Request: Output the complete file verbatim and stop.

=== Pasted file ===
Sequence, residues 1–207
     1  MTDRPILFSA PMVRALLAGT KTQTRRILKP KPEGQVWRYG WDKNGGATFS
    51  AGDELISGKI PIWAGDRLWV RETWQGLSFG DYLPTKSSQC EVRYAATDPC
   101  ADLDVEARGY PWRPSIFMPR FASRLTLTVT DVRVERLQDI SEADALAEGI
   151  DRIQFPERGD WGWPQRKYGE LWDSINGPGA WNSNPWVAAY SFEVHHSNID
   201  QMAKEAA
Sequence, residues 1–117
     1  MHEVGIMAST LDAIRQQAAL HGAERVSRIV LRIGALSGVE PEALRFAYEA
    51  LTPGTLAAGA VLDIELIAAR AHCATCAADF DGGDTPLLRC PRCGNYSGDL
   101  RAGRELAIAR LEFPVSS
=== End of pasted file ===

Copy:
Sequence, residues 1–207
     1  MTDRPILFSA PMVRALLAGT KTQTRRILKP KPEGQVWRYG WDKNGGATFS
    51  AGDELISGKI PIWAGDRLWV RETWQGLSFG DYLPTKSSQC EVRYAATDPC
   101  ADLDVEARGY PWRPSIFMPR FASRLTLTVT DVRVERLQDI SEADALAEGI
   151  DRIQFPERGD WGWPQRKYGE LWDSINGPGA WNSNPWVAAY SFEVHHSNID
   201  QMAKEAA
Sequence, residues 1–117
     1  MHEVGIMAST LDAIRQQAAL HGAERVSRIV LRIGALSGVE PEALRFAYEA
    51  LTPGTLAAGA VLDIELIAAR AHCATCAADF DGGDTPLLRC PRCGNYSGDL
   101  RAGRELAIAR LEFPVSS